J Magn Reson Imaging. 2023 Sep 13. doi: 10.1002/jmri.28974. Online ahead of print.
BACKGROUND: In neuroscience, accurately quantifying individual brain regions in large cohorts is a challenge. Differences in intracranial structures can suggest functional differences, but they also reflect the effects of other factors. However, there is currently no standardized method for the correction of intracranial structure measurements.
PURPOSE: To identify the optimal method to counteract the influence of total intracranial volume (TIV) and gender on the measurement of intracranial structures.
STUDY TYPE: Prospective.
POPULATION/SUBJECTS: One hundred forty-one healthy adult volunteers (70 male, mean age 21.8 ± 1.7 years).
FIELD STRENGTH/SEQUENCE: T1-weighted 3D gradient-echo sequence at 3.0 T.
ASSESSMENT: A radiologist with 5 years of work experience screened the raw images to exclude poor-quality images. Freesurfer then performed automated segmentation to obtain measurements of intracranial structures. Male-only, female-only, and TIV-matched sub-samples were created separately. Comparisons between the original data and these sub-samples were used to assess the effects of gender and TIV. Comparison the consistency between TIV-matched sample and corrected data that corrected by four methods: Proportion method, power-corrected proportion method, covariate regression method, and residual method.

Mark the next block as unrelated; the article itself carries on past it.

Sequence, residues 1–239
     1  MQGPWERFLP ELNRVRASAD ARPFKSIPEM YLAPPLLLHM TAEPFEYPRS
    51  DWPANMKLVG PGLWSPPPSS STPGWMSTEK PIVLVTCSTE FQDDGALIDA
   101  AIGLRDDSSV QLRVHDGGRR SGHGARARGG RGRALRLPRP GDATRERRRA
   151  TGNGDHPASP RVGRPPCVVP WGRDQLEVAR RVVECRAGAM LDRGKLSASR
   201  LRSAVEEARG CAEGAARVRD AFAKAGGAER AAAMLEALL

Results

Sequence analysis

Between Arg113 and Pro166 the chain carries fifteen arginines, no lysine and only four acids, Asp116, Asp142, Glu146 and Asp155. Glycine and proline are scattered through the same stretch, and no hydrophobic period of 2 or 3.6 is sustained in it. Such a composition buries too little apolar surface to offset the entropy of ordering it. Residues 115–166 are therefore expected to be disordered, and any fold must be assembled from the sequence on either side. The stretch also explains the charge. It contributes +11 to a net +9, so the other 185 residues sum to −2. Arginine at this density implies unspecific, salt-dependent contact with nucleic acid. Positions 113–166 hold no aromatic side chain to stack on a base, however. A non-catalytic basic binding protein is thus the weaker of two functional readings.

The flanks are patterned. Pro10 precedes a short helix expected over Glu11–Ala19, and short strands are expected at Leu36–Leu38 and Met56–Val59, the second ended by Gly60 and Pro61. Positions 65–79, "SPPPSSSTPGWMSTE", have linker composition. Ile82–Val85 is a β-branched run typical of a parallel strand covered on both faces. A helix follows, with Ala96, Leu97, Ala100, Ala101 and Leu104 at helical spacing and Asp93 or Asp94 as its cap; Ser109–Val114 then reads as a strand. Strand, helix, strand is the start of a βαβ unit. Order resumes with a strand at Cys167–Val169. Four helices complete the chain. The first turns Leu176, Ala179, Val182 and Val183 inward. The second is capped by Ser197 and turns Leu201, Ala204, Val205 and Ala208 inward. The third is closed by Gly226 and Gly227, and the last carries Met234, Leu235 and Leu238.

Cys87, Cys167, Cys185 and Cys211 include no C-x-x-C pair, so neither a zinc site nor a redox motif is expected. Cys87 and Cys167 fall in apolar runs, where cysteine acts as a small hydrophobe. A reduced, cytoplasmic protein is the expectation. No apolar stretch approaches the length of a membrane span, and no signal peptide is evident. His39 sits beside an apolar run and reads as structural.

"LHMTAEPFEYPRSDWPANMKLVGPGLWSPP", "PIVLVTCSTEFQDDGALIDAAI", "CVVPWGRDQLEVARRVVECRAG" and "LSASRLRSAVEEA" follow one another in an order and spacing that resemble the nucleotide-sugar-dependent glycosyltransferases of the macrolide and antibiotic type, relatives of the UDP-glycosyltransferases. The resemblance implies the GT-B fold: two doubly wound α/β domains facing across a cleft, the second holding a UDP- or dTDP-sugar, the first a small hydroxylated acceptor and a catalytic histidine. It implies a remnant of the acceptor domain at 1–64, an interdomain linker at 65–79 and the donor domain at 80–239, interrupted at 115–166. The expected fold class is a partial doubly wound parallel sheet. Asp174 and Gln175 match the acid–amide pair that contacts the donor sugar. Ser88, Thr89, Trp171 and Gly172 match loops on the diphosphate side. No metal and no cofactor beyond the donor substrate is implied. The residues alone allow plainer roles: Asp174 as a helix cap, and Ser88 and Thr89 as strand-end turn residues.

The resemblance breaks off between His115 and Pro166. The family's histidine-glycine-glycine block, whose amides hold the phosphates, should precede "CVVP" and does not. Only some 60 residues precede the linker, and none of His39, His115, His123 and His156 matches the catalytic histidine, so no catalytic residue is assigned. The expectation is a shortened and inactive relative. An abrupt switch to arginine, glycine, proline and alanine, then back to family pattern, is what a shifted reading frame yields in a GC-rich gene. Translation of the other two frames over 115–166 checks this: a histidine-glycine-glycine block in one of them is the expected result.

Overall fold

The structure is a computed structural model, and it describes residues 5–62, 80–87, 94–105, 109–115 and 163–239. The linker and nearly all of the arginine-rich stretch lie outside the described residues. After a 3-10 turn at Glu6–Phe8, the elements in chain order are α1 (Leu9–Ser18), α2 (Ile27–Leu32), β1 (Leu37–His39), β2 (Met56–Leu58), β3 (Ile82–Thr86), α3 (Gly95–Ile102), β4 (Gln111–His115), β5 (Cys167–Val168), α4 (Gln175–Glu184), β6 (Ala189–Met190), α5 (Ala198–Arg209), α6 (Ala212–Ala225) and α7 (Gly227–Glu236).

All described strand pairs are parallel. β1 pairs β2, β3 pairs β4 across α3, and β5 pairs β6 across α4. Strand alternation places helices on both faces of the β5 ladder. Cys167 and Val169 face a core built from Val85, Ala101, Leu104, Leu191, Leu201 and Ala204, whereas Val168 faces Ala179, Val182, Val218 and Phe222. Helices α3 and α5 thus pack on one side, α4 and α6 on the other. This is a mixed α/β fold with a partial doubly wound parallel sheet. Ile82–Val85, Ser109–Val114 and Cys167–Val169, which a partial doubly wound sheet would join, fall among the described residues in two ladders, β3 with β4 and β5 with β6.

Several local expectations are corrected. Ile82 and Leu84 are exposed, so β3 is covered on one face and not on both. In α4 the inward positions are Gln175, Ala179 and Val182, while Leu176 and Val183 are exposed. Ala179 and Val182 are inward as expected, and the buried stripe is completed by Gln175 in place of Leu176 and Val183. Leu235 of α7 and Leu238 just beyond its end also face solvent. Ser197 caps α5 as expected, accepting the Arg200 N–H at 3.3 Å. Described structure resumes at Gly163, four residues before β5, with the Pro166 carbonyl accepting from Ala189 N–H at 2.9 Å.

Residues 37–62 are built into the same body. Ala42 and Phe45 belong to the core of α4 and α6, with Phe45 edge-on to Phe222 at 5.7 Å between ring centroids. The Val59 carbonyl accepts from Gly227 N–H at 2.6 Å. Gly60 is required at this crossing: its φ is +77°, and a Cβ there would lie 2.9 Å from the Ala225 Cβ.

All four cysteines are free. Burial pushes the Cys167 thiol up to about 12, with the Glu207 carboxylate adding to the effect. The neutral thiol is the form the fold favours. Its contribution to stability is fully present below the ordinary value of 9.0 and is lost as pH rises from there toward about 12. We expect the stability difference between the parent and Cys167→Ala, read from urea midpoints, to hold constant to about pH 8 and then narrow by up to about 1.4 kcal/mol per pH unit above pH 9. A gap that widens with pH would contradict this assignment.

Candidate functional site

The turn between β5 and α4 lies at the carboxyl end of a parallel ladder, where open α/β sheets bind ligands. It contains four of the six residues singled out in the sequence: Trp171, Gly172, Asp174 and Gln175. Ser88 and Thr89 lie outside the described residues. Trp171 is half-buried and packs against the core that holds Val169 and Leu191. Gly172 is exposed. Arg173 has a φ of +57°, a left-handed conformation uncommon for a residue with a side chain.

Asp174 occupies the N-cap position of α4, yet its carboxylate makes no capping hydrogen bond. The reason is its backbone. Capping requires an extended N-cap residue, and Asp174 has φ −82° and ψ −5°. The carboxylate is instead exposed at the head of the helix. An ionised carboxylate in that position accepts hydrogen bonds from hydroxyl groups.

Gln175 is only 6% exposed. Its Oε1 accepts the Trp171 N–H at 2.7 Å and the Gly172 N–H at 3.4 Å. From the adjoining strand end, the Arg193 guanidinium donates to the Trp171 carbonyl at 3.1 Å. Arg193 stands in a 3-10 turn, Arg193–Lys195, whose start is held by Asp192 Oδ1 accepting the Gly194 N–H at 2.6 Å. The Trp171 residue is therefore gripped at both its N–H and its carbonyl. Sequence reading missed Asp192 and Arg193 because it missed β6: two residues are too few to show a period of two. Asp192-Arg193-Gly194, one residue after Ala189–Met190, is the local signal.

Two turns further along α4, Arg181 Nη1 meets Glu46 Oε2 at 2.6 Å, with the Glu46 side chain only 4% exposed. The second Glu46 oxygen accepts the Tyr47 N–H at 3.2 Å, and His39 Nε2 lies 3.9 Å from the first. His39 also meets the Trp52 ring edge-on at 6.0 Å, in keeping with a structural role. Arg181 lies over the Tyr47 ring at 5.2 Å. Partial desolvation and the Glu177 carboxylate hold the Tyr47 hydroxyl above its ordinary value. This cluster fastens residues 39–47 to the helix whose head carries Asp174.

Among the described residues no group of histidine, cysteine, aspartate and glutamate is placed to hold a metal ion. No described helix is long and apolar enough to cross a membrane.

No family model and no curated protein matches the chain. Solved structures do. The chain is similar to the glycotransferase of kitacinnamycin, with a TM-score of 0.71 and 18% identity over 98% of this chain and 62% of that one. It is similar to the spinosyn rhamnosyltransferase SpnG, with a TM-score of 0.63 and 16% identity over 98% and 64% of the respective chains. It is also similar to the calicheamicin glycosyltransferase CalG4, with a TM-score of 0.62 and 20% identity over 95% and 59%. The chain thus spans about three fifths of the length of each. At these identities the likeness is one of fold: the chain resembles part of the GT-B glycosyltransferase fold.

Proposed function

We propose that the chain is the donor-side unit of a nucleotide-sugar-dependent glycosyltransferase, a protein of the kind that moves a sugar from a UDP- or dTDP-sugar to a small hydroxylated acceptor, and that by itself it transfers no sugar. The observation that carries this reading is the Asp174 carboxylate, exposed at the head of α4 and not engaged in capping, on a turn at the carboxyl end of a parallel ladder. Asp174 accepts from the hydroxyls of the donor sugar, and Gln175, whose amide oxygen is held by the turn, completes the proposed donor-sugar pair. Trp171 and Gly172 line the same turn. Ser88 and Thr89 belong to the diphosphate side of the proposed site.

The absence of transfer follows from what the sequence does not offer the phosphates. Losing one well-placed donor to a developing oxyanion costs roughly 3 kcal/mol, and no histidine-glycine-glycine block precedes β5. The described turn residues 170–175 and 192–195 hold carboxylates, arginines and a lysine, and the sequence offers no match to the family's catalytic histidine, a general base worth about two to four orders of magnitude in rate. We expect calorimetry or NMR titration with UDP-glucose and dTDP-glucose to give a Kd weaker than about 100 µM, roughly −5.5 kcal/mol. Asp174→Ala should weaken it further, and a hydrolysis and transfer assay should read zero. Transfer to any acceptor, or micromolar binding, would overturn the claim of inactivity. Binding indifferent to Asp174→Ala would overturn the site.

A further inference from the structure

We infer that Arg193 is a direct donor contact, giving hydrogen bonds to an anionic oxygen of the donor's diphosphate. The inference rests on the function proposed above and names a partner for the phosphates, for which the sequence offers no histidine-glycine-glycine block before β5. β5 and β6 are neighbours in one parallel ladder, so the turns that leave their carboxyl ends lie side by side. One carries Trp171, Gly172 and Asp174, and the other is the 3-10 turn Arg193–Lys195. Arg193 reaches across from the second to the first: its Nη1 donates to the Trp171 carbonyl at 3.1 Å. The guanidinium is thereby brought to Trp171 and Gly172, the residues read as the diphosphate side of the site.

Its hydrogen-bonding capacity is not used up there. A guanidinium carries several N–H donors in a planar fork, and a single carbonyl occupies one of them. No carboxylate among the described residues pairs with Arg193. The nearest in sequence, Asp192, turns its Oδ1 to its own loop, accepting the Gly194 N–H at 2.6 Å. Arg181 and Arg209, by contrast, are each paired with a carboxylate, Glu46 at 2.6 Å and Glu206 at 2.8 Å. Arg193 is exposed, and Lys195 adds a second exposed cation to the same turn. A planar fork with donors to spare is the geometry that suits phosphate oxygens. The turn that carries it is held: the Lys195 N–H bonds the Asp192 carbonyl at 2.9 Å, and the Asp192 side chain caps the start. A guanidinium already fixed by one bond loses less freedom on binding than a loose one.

STATISTICAL TESTS: Cohen’s d for examining group distribution disparities, t-tests for probing mean differences, correlation coefficients to assess the relationships between intracranial substructure measurements and TIV. Multiple comparison corrections were applied to the results.
RESULTS: The correlation coefficients between TIV and the volumes of intracranial structures ranged from 0.033 to 0.883, with an average of 0.467. Thirty significant volume differences were found among 36 structures in the original sample, while no differences were observed in the TIV-matched sample. Among the four correction methods, the residual method had highest consistency (similarity 94.4%) with the TIV-matched group.
DATA CONCLUSION: The variation in intracranial structure sizes between genders was largely attributable to TIV. The residual method offers a more accurate and effective approach for correcting the effects of TIV on intracranial structures.
EVIDENCE LEVEL: 2 TECHNICAL EFFICACY: Stage 1.